It will be the hardest thing you will ever do in your entire existence on this earth; death to self. How it terrifies us! It goes clearly against our nature! We can study it, read about it, understand it somewhat in our minds, but when it creeps up on us and demands our submission, we suddenly realize that it takes no concern with our dreams, longings, or desires. It is uncompromising where it deals with our strong desire to live. Death is the end of our existence on earth. Death to self is the end of our existence to self. The corn of wheat goes into the ground. Self is no longer. Death to self cares not that we shed, if we could, great drops of blood. It destroys any hope we have of producing something of value, like fruit for his glory, without experiencing the surrender of all we are and all we have to the unknown hand of death to self. It is that unknown quantity that causes us to debate the issue within ourselves. It is the extreme reluctance to trust the fulfillment of our earthly hopes with the one who gave all for us. Just as my precious Lord Jesus shrank away from the cross, where he would become sin, we cringe at the thought of entering our own garden of Gethsemane. But go we must; and follow him to Calvary; our own private Calvary, where we die to all we long for; die to what we feel we could do best for him. We come to his table without agenda, and cry out with Paul, "what would you have me to do". Do I really want to go?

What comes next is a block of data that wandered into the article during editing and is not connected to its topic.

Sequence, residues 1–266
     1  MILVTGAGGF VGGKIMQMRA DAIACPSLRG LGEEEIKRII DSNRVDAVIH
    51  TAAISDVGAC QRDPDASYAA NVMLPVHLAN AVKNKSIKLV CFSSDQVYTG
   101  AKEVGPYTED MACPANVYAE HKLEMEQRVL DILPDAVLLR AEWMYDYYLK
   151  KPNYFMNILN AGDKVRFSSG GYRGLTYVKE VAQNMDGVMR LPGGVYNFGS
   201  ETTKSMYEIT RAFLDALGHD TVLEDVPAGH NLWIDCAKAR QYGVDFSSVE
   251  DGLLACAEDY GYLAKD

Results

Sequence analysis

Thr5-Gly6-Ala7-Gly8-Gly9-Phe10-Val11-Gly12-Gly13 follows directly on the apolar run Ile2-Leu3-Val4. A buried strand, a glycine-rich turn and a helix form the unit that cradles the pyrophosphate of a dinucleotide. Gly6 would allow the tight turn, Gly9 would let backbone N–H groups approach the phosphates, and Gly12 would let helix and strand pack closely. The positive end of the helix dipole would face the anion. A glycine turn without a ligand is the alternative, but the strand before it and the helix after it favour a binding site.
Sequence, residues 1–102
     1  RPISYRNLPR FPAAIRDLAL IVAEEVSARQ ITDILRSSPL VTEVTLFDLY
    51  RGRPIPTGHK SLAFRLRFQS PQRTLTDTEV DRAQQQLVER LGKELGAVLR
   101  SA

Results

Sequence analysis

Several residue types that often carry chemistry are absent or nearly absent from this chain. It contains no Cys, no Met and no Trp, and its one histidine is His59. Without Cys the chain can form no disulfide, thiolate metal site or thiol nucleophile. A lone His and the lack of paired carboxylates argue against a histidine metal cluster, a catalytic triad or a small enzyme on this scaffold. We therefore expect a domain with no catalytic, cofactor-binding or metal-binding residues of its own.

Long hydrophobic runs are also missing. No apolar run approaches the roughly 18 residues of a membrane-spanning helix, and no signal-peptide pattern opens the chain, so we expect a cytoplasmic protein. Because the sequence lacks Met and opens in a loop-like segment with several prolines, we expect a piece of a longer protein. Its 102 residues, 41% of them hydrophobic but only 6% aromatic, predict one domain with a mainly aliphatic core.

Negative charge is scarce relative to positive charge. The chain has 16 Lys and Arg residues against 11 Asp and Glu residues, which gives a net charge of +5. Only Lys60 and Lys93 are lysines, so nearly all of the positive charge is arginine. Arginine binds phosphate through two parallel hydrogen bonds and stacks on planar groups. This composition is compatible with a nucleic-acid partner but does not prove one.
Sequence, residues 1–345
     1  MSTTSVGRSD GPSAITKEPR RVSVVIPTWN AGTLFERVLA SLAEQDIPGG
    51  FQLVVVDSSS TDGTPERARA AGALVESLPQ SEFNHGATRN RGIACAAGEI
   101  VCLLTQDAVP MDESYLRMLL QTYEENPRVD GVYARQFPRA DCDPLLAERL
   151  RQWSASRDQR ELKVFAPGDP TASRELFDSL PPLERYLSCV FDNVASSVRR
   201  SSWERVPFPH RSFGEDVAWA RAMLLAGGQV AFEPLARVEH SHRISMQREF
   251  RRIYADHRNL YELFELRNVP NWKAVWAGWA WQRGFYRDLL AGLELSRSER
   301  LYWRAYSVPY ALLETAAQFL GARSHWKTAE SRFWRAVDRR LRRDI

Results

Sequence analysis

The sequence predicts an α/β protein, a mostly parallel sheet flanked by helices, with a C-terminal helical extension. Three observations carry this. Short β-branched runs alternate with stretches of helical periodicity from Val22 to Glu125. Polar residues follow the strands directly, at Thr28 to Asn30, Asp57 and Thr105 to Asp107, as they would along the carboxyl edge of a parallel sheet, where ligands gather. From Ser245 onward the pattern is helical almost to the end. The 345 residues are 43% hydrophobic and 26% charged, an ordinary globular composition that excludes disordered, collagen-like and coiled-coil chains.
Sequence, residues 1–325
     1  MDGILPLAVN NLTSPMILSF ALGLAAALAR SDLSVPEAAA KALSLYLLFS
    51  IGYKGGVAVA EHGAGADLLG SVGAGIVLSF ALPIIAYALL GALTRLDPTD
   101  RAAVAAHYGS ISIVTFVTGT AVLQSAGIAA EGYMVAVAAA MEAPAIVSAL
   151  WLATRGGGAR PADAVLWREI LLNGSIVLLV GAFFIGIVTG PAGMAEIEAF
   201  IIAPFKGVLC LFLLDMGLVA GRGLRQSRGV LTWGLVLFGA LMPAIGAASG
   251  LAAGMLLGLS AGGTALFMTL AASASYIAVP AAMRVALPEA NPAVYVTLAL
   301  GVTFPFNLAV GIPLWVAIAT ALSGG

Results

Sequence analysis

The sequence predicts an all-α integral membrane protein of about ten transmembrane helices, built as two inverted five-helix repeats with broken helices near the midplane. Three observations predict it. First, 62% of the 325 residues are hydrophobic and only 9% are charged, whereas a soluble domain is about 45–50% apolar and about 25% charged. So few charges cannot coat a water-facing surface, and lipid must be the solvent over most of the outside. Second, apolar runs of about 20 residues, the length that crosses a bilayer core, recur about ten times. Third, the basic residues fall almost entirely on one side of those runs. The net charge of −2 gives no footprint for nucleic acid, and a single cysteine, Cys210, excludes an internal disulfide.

The answer is, yes; that is if you want to bear much fruit. It is a required course. It will be accomplished in some of us because we want his will more than life itself. That strong desire led to self-death, which we were not expecting. But Christ made it clear. Except a corn of wheat fall into the ground and die, it cannot bring forth fruit.
So, you may find yourself in Gethsemane. A decision must be made to follow him to Calvary. You will die to self, but despair not. There is a happy ending.
Looking unto Jesus the author and finisher of our faith; who for the joy that was set before him endured the cross, despising the shame, and is set down at the right hand of the throne of God. Hebrews 12:2 kjv
There is Joy! Although Jesus was a man of sorrows and acquainted with grief, there were moments of joy in his life before Calvary. There is no doubt he felt joy when the tenth leper turned back and gave him worship and thanks. When Mary Magdalene was rid of the devils that plagued her, her love for Jesus brought him joy. Likewise you will experience joy in your service for Christ. But the joy Jesus desired was much more than that. It was a joy worth going to Calvary to obtain. It was to eventually see all of us redeemed with him in glory with glorified bodies worshipping, thanking and praising him. We can only imagine!
So what’s with the dying to self thing? You will resist, you will try to find another way. You may decide to “opt out”. You will still go to heaven. You will still get a new body. So why should I submit to this terrifying ordeal? I’ll close this article by saying there will be all eternity to wonder why you feared to enter into that which you Saviour entered, when you had the clear understanding that it was:
1. Necessary to bear much fruit
2. An invitation by Jesus Christ to “take up your cross” and follow him.
This short article is clearly an invitation to follow Him no matter where it leads, and no matter if it ends in complete death to all you want, to become all he wants you to be.